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Internal wall removal with indemnity policy on another part of the house

Discussion in 'Building Regulations and Planning Permission' started by Radders_23, 18 Mar 2019.

  1. Radders_23

    Radders_23

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    Hi all,

    We are currently in the process of buying a house that has an indemnity policy for planning permission and building regulations for the front porch and also the extension. However, we are now also considering internal walls that we want to knock down such as that containing the airing cupboard and also that separating the bathroom from the separate WC. I understand we need building regulation sign off for this. Does this mean we can never knock these walls down? The extension was built in 1985/6 and the porch in 2009.

    Thank you in advance!
     
  2. tony1851

    tony1851

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    Walls around an airing cupboard, or the separating wall between a bathroom and wc, are usually non-structural, in which case Building Regs would not apply.

    Who advised getting the indemnity policy for the porch and extension? They are both well out of time for the council to take any action over them.
     
  3. Radders_23

    Radders_23

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    Would I still need to invite someone round to sign off that this has been checked? If not, will this affect us when we try to sell?

    The indemnity was suggested by my lawyer just in case
     
  4. Nakajo

    Nakajo

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    By lawyer, I assume you mean 'conveyancing solicitor'? :(
     
  5. Radders_23

    Radders_23

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    That's correct yes- conveyancing solicitor
     
  6. ^woody^

    ^woody^

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    By conveyance solicitor, I assume you mean the office clerk?
     
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  7. tony1851

    tony1851

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    There are 12,672 threads on this forum regarding clueless solicitors/conveyancers advising clients to spend good money on useless indemnity policies.
    Your lawyer would have been better advising you that you did not need insurance, so you could save your money, rather than saying 'just in case' - which displays his lack of knowledge.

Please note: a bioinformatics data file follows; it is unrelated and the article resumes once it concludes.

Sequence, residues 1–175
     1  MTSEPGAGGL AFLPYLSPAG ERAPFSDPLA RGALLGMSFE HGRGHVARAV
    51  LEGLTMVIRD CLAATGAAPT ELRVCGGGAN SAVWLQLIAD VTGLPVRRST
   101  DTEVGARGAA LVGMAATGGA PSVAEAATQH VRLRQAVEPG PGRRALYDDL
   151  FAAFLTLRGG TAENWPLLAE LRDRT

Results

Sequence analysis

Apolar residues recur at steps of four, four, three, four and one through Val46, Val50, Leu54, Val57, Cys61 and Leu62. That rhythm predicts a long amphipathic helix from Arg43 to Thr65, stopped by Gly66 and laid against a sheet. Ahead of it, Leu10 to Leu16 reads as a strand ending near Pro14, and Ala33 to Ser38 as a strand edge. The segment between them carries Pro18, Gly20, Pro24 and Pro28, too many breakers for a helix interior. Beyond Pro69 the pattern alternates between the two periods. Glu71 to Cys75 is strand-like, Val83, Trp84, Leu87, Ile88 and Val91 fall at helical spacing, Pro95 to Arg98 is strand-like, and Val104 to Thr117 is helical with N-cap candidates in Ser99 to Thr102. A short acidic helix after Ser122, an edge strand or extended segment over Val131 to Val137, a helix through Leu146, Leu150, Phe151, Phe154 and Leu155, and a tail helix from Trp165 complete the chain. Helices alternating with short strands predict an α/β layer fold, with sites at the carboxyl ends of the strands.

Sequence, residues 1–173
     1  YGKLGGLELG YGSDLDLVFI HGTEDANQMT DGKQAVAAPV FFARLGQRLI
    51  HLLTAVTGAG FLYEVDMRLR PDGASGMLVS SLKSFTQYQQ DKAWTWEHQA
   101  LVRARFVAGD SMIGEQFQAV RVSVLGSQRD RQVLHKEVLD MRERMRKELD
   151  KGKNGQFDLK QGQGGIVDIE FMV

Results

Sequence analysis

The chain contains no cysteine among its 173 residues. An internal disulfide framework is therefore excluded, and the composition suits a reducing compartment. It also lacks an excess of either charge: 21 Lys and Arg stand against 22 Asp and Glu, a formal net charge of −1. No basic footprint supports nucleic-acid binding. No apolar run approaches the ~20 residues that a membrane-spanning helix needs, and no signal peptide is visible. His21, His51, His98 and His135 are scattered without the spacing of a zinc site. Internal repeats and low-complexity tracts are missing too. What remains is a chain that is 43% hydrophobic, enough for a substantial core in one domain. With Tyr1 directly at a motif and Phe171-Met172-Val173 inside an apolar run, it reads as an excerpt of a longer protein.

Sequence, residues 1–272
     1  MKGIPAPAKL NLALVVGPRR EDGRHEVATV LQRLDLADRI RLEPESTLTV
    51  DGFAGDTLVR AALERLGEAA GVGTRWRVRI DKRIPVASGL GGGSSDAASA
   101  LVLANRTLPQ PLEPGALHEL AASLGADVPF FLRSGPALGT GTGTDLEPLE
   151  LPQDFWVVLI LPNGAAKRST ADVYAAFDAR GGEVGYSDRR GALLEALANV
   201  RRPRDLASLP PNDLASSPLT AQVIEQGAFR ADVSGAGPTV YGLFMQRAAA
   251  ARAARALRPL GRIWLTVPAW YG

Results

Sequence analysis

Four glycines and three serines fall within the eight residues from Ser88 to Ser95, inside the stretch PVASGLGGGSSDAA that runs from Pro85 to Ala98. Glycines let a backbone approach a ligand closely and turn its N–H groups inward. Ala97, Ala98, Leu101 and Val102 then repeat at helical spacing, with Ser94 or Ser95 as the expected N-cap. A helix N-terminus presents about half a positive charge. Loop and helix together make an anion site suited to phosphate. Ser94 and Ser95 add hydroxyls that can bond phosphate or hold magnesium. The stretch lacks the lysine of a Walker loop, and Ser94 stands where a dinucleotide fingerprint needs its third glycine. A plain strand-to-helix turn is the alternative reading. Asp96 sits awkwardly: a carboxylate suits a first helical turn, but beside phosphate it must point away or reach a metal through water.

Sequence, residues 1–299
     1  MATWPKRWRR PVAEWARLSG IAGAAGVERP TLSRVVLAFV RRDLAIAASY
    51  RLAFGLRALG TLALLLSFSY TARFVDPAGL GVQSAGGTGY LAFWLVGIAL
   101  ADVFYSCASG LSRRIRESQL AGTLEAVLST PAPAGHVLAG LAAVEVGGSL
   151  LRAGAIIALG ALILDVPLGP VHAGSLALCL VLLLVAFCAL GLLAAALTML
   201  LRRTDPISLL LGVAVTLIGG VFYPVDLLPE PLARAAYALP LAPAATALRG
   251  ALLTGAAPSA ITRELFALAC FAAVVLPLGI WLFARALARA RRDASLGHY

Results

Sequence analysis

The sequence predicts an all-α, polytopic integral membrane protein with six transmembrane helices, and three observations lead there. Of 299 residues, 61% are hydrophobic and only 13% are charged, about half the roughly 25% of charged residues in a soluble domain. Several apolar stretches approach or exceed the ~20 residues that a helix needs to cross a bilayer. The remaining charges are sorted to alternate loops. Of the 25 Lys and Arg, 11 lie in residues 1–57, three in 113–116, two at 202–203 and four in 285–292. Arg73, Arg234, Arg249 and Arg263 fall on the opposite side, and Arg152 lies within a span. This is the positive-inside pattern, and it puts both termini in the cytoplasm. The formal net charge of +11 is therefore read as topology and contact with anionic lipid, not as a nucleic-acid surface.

Solicitors are the only people who charge clients for mistaken advice.
     
    Last edited: 18 Mar 2019
  8. tony1851

    tony1851

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    No,because if the walls are partition walls, they are non-structural, so don't come under building regs, so the council won't give you a certificate, so when you sell the house on, you don't bother declaring the alteration.
     
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  9. Radders_23

    Radders_23

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    We've now moved in and have removed the fake ceiling in the front room to reveal what looks like a beam going through the chimney breast. I think this is directly below the wall separating the bedrooms upstairs. I attach a picture of the beam and the floor plan. Can we assume this is supporting the wall above? 20190331_223419.jpg Screenshot_20190331-223452_Chrome.jpg
    I cant understand how this can be going through the chimney breast. Looking in the attic I can see the chimney seems to possibly go all the way through from the ground floor through the wall next to airing cupboard (?) and then into the attic. However the size of the chimney in the attic seems to be much smaller than the chimney breast in the front room. Is this normal?
     
  10. tony1851

    tony1851

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    Yes that's normal. The chimney breast downstairs is usually built wider than the fireplace and flue enclosure itself, for aesthetics rather than anything else. The beam going onto the chimney breast will not be in contact with the flue brickwork.
    It might be holding up a partition wall upstairs, and/or possibly the floor joists - no-one here can say - only you would be able to check by measuring, and lifting carpets.
    Hopefully you got a reduction in asking price for the chimney finish?
     
  11. Radders_23

    Radders_23

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    Thanks for the quick reply. On initial inspection we quite liked the chimney but have since dramatically changed our mind. We plan to take off the cladding ourselves hopefully

    If the beam does support a load bearing wall upstairs does that mean there was originally a wall downstairs too?
     
  12. Radders_23

    Radders_23

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    Just to add to this, if you look at the picture of the beam you can see it's on top of the polystyrene tiles. Not sure what this means..
     
  13. JohnD

    JohnD

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    I wonder if it is a ventilation duct rather than a beam. Measure it and tap it. Plasterboard? plastic? wood?
     
  14. mrrusty

    mrrusty

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    And please get rid of the polystyrene tiles - fire risk!
     
  15. Radders_23

    Radders_23

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    Seems to be solid wood, not hollow at all! Polystyrene tile removal in progress
     
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